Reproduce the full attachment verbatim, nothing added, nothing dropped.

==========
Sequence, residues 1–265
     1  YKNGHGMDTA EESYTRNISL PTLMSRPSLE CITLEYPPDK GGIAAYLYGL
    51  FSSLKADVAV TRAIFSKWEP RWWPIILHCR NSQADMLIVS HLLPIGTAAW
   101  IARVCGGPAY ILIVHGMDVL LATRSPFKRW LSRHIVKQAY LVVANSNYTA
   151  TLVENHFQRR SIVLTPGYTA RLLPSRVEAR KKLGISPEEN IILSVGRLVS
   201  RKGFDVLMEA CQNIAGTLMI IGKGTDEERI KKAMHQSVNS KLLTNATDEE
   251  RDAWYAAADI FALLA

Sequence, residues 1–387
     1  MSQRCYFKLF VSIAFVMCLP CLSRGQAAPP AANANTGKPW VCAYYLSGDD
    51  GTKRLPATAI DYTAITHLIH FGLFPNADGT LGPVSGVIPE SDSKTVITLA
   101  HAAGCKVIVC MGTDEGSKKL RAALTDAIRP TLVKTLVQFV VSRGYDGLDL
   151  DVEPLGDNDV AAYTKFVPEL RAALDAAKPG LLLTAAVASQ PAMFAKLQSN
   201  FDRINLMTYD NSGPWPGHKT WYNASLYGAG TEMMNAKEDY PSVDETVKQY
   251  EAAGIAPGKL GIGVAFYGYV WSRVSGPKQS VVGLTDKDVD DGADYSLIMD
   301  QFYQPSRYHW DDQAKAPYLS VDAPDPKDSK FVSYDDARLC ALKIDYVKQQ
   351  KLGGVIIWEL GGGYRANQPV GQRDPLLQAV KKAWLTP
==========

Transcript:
Sequence, residues 1–265
     1  YKNGHGMDTA EESYTRNISL PTLMSRPSLE CITLEYPPDK GGIAAYLYGL
    51  FSSLKADVAV TRAIFSKWEP RWWPIILHCR NSQADMLIVS HLLPIGTAAW
   101  IARVCGGPAY ILIVHGMDVL LATRSPFKRW LSRHIVKQAY LVVANSNYTA
   151  TLVENHFQRR SIVLTPGYTA RLLPSRVEAR KKLGISPEEN IILSVGRLVS
   201  RKGFDVLMEA CQNIAGTLMI IGKGTDEERI KKAMHQSVNS KLLTNATDEE
   251  RDAWYAAADI FALLA

Sequence, residues 1–387
     1  MSQRCYFKLF VSIAFVMCLP CLSRGQAAPP AANANTGKPW VCAYYLSGDD
    51  GTKRLPATAI DYTAITHLIH FGLFPNADGT LGPVSGVIPE SDSKTVITLA
   101  HAAGCKVIVC MGTDEGSKKL RAALTDAIRP TLVKTLVQFV VSRGYDGLDL
   151  DVEPLGDNDV AAYTKFVPEL RAALDAAKPG LLLTAAVASQ PAMFAKLQSN
   201  FDRINLMTYD NSGPWPGHKT WYNASLYGAG TEMMNAKEDY PSVDETVKQY
   251  EAAGIAPGKL GIGVAFYGYV WSRVSGPKQS VVGLTDKDVD DGADYSLIMD
   301  QFYQPSRYHW DDQAKAPYLS VDAPDPKDSK FVSYDDARLC ALKIDYVKQQ
   351  KLGGVIIWEL GGGYRANQPV GQRDPLLQAV KKAWLTP